South Africa may be able to raise as much as R1.13 trillion ($60 billion) over the next five years to fund a switch to green energy from fossil fuels, its environment minister said.
The amount is still short of the R1.5 trillion the country has estimated it will need for the task, Barbara Creecy said in a response to a parliamentary question posted on a government website.
“This will need to be mobilized from various public and private sources such as multilateral development banks, international partner countries, private investors, philanthropies and the fiscus,” she said.
South Africa, which has the continent’s most industrialized economy, is the world’s 14th-biggest source of climate warming greenhouse gases.
In 2021, it won an $8.5 billion pledge from some of the world’s richest nations to help the country transition away from the use of coal, which is used to generate more than 80% of South Africa’s electricity.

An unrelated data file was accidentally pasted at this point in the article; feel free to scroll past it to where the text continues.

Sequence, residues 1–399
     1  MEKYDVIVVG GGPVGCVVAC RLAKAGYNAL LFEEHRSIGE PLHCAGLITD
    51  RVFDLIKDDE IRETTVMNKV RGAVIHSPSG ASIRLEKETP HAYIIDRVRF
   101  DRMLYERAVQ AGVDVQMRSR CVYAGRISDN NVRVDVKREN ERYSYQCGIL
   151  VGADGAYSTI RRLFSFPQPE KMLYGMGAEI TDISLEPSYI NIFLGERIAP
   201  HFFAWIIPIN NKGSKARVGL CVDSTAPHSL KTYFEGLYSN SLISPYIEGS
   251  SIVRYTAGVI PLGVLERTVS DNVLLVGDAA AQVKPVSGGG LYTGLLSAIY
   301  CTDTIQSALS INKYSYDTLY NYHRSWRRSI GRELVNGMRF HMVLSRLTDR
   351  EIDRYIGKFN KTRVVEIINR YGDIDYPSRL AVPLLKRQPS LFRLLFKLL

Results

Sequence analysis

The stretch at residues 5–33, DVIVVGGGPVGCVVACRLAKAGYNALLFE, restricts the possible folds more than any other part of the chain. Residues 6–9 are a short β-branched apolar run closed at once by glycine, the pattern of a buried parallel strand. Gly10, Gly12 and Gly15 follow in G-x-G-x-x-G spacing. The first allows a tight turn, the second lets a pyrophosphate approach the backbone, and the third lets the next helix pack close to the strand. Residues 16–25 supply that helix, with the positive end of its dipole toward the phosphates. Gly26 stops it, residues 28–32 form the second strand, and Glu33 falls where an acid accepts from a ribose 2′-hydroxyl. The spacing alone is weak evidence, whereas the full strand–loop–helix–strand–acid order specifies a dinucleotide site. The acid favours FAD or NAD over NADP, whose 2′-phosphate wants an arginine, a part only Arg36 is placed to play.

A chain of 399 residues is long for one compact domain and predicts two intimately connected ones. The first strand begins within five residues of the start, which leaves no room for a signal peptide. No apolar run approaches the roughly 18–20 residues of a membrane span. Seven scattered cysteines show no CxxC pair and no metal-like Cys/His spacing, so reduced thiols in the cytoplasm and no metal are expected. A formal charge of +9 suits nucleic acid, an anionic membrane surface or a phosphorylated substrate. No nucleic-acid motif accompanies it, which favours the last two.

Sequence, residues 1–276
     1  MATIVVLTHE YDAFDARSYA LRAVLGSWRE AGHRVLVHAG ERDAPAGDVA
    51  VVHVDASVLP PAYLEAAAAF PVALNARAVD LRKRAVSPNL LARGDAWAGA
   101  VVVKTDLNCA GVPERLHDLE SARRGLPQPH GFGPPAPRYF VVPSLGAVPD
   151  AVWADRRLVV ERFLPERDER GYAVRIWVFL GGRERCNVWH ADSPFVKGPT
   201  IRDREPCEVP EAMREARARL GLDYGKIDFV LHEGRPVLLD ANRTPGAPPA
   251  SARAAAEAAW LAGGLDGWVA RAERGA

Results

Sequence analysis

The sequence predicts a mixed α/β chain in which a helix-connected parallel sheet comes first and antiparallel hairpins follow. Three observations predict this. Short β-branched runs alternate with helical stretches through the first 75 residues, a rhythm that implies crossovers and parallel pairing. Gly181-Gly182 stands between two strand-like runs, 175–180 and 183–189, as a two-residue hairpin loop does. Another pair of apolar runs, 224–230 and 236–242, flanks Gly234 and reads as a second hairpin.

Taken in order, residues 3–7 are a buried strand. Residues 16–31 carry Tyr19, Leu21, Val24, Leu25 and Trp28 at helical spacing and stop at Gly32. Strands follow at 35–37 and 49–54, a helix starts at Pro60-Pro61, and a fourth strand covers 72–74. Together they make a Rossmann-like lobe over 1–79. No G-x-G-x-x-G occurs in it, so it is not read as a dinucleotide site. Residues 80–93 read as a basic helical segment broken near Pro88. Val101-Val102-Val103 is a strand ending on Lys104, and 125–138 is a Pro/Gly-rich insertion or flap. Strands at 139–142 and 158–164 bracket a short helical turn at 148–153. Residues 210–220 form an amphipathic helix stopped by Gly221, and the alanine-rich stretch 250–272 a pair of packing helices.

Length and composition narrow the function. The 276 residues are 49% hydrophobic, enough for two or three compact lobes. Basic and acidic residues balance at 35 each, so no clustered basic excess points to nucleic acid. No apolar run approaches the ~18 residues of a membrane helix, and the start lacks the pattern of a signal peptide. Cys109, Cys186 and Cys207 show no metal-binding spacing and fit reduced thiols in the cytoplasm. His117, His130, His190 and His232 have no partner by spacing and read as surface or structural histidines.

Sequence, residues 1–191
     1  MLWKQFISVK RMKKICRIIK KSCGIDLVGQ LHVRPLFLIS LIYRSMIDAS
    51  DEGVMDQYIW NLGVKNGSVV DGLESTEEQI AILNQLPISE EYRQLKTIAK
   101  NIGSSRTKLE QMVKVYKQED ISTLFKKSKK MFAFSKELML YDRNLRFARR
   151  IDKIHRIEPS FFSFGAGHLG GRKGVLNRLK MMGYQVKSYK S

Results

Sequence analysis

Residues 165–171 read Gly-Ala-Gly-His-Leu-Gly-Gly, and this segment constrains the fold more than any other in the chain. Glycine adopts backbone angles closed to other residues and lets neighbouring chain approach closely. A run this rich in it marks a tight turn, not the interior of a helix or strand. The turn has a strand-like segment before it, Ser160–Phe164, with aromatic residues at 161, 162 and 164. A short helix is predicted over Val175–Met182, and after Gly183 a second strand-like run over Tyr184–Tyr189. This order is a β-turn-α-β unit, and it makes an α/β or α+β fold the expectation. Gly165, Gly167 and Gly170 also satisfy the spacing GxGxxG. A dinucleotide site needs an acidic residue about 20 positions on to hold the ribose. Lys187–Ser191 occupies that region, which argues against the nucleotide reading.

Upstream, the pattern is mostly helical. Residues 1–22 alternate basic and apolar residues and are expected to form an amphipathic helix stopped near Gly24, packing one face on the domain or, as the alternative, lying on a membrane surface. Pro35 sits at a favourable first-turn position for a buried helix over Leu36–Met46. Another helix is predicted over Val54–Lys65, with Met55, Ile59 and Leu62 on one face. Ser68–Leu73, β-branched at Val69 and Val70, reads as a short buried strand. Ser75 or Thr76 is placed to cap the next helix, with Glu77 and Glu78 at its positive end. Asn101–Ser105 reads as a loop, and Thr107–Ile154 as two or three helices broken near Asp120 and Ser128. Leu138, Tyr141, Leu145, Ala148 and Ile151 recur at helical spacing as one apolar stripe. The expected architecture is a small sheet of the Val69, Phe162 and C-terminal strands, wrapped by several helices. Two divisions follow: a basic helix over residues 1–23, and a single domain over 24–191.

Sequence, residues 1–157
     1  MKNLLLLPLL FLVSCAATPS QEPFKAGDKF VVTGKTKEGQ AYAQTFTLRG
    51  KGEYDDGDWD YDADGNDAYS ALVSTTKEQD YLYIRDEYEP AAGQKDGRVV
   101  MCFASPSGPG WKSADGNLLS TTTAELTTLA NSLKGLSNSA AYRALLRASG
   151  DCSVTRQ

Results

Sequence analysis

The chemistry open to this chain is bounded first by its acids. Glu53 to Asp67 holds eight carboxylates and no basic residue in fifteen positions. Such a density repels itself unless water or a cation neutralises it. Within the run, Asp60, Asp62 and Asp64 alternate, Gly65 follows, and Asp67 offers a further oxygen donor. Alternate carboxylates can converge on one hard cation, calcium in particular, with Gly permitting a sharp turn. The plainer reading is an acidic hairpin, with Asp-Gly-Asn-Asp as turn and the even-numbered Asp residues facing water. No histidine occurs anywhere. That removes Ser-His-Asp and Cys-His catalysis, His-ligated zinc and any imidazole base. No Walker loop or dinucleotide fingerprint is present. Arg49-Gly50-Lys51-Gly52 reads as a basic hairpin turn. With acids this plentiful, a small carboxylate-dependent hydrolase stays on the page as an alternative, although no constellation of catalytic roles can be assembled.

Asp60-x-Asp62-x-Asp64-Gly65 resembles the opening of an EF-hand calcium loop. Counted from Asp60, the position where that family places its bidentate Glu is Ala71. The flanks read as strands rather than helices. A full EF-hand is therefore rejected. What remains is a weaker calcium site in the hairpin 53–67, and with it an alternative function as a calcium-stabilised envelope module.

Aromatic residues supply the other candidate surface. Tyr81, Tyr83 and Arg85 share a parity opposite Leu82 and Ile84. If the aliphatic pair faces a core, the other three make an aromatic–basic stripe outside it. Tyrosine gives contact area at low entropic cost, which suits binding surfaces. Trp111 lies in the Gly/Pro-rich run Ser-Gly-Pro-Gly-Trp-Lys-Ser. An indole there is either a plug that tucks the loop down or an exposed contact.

Most of the finance is expected to come from private investors, Creecy said in her response.
The government has eased regulations to allow businesses to generate their own electricity as state power utility Eskom doesn’t have the money to expand, and regular breakdowns of its poorly maintained plants subject the country to frequent blackouts.
Possible sources of funding, according to Creecy:
- $8.5 billion, or about R160 billion, from France, Germany, the UK, the US and the European Union under the so-called Just Energy Transition Partnership
- $3.5 billion, or about R66 billion, pledged by Spain, the Netherlands and Denmark
- Potential investment of R500-700 billion by South Africa’s private sector, mainly in new generations
- R200 billion in financing from multilateral development banks and local and international development finance institutions